Tax Cuts Are Not a Cost

Tax cuts are often described by politicians as a “cost” to the government.  That is an Orwellian lie for two reasons.  First, tax receipts are revenue, not cost.  As any householder knows, revenue is income and cost is spending.  Government spending is a cost.  Now, if government revenues are less, then the government can (a) reduce spending or (b) borrow money to cover current spending (which will incur further costs in the form of interest on the borrowed money).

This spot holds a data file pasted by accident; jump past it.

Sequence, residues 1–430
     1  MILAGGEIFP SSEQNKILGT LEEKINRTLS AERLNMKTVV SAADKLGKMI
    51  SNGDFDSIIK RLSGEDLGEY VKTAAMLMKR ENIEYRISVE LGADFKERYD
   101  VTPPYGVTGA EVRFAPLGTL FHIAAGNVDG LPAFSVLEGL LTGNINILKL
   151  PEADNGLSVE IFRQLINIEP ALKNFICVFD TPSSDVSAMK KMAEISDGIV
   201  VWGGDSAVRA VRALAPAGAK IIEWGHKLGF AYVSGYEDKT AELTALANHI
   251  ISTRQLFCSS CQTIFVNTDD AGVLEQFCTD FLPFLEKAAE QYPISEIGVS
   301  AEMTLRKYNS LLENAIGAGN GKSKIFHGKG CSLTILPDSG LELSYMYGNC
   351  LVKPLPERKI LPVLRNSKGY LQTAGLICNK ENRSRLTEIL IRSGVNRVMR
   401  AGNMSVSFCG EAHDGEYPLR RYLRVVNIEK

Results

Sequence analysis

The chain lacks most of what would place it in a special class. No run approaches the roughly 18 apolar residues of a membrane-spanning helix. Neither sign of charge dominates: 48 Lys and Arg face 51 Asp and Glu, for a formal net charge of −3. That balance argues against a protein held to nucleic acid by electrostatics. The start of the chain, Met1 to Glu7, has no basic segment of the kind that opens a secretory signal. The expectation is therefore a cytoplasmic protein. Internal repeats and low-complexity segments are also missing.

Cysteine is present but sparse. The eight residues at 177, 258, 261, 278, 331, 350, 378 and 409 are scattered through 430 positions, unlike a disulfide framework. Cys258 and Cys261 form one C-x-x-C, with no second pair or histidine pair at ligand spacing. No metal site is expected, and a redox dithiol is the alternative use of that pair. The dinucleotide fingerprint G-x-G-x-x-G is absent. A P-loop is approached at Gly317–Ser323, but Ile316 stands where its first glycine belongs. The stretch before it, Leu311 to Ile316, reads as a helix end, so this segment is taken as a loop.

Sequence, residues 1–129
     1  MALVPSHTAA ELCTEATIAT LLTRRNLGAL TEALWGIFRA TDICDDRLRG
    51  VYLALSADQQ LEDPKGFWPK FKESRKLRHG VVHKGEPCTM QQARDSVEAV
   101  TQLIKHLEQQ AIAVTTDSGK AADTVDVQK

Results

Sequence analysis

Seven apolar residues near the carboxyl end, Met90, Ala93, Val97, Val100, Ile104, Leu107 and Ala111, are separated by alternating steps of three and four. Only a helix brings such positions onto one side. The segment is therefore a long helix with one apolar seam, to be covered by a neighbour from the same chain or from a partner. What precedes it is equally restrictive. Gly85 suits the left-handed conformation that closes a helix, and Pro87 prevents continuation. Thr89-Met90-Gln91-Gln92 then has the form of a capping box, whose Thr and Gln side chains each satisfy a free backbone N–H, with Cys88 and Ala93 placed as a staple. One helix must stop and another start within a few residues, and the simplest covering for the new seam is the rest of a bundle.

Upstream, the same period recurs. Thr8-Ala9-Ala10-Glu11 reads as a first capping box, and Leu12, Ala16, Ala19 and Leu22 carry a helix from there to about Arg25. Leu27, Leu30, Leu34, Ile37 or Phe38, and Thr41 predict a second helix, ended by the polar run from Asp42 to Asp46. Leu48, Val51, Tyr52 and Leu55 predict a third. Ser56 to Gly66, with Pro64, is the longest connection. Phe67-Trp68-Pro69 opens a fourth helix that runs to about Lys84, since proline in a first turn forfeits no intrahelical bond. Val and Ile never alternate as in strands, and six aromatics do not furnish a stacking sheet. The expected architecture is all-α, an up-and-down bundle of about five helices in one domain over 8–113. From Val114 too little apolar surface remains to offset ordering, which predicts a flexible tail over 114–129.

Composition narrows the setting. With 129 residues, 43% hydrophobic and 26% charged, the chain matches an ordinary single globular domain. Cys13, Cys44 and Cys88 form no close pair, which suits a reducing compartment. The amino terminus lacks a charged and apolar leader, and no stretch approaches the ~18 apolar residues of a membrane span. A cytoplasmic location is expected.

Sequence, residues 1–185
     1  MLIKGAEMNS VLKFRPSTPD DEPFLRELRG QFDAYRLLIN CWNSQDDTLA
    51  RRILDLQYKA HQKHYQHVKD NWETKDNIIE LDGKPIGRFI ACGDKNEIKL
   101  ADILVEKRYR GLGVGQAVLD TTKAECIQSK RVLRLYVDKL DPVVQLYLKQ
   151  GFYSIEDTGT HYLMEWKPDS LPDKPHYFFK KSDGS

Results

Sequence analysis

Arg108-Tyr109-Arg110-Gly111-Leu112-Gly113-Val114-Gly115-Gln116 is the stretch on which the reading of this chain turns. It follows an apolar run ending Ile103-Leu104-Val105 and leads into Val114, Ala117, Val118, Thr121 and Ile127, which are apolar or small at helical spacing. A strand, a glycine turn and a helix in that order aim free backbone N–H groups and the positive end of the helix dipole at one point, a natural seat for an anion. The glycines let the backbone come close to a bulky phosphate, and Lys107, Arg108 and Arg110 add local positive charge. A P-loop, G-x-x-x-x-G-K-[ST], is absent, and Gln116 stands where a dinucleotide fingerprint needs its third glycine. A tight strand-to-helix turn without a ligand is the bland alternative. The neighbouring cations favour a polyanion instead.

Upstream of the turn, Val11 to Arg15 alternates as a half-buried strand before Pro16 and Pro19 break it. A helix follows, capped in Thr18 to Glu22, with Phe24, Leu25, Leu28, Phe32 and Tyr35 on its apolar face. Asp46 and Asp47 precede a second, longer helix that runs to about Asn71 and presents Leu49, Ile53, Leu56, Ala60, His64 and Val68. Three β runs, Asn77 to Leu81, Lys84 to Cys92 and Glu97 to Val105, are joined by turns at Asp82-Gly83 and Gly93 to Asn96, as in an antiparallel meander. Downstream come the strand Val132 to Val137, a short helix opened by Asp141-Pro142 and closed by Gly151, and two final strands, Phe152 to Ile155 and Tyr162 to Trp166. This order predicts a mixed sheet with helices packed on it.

The second reason has deeper implications.  To describe a tax cut as a cost to the government is to assume that all money belongs to the government. Therefore, from the government’s perspective, tax cuts are money begrudgingly spent by the government.  This is a bizarre twisting of logic.  All monetary wealth in the US is due to the productive efforts of its citizens, tallied annually as the Gross Domestic Product.  In other words, all the wealth in the US belongs to its people because that is who created it.  From the point of view of the people who create this wealth, the taxes paid to support the government are a cost of production. As citizens we pay a percentage of the money we create to support the government, which is tasked with our collective defense and maintenance of the infrastructure that we all use.

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